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After Dental School

Take action on dental student debt

2014 Dental Student Loan DebtDid you know the average dental school graduate in 2014 carries $247,227 in student loan debt, up from $221,000 in 2013? While this debt may not be the sole factor in determining whether a new dentist will choose a career of private practice over public service, 61 percent of graduating seniors say it does influence their decision.

The infographic uses data gathered by the American Dental Education Association.  Please take action now and contact your representative about this important issue, please visit ADA.org/Engage.

Conducting research? ADA Library & Archives is your go-to source

ADA Library & ArchivesWhether it’s historical information on the dental profession or the latest scientific studies on dentistry, the ADA Library & Archives is the place to go for any dental researcher — in person or online.

With the help of a team of experienced library professionals, the ADA Library & Archives offers access to a unique collection of electronic, print and archival material.

And since the launch of the ADA Library & Archives eResources in August 2013, more ADA members are accessing and downloading more journal articles.

These early 20th century handpieces are among historical items displayed at the ADA Library & Archives, which maintain the Association's historical records and publications.

These early 20th century handpieces are among historical items displayed at the ADA Library & Archives, which maintain the Association’s historical records and publications.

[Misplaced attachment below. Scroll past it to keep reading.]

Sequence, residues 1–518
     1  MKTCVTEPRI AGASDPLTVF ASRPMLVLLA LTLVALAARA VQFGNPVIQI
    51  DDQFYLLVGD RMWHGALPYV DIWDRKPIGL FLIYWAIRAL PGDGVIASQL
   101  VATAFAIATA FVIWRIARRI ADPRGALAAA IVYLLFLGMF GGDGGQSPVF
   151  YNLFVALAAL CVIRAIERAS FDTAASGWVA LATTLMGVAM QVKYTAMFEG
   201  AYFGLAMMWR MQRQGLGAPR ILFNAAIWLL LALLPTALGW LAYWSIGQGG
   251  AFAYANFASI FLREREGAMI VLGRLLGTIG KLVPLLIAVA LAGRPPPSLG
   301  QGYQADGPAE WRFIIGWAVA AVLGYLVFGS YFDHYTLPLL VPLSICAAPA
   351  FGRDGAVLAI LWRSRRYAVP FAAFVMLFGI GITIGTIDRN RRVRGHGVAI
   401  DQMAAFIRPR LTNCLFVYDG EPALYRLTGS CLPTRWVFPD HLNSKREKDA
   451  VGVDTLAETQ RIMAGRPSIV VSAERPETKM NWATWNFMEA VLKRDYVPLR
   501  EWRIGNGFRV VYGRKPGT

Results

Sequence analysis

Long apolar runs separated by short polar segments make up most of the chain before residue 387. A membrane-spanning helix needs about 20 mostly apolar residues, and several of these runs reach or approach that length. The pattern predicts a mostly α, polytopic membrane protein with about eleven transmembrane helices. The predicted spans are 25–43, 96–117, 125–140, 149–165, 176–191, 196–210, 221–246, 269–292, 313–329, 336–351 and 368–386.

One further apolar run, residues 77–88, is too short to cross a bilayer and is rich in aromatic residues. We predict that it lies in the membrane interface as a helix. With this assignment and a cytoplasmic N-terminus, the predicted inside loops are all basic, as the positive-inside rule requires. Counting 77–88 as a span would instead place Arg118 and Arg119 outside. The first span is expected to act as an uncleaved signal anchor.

In 2014, 5,252 visitors conducted 8,177 searches, and ultimately downloaded 5,452 articles, according to data provided by the ADA Library & Archives. In comparison, 95 members requested 614 articles for the entire year of 2012.

This gavel, displayed at the ADA Library & Archives at ADA Headquarters, was made from a wood salvaged from Grant Hall, the site of the Aug. 4, 1859, organizational meeting of the American Dental Association.

This gavel, displayed at the ADA Library & Archives at ADA Headquarters, was made from a wood salvaged from Grant Hall, the site of the Aug. 4, 1859, organizational meeting of the American Dental Association.

“Members who want to continue their education, put together presentations, are curious and want to learn more about a topic or find needed information for their patients now have a one-stop library to find literature or the information they need,” said Dr. Hal Fair, chair of the ADA Library & Archives advisory board.

ADA members can access full-text articles online with instant access to about 290 journals through the ADA Library & Archives website. About 95 percent are strictly dental journals. The other 5 percent have medical-dental crossover, including in-house access to the New England Journal of Medicine articles going all the way back to 1812. Thirteen new journal titles, including the Journal of the American Medical Association, and 14 new book titles will be added this year.

Other ADA Library services include:

  • Recommendations or referrals to sources of dental information.
  • Assistance with PubMed and Internet searches.
  • Access to ADA Archives and historical information.
  • Customized lists of current articles and abstracts on dental topics.
  • Space for quiet study or meetings at the ADA Library, located at ADA Headquarters in Chicago.

In addition, the ADA Archives, located within the ADA Library, maintain the Association’s historical records and publications, which include answers to questions concerning the history of the organization, the dental profession and the people involved in its development and history.

For more information on the ADA Library & Archives, visit ADA.org/library.

Volunteers sought for dental mission to Jamaica

Organizers of a dental mission to St. Thomas, Jamaica, need dental volunteers for the Aug. 2-8 event.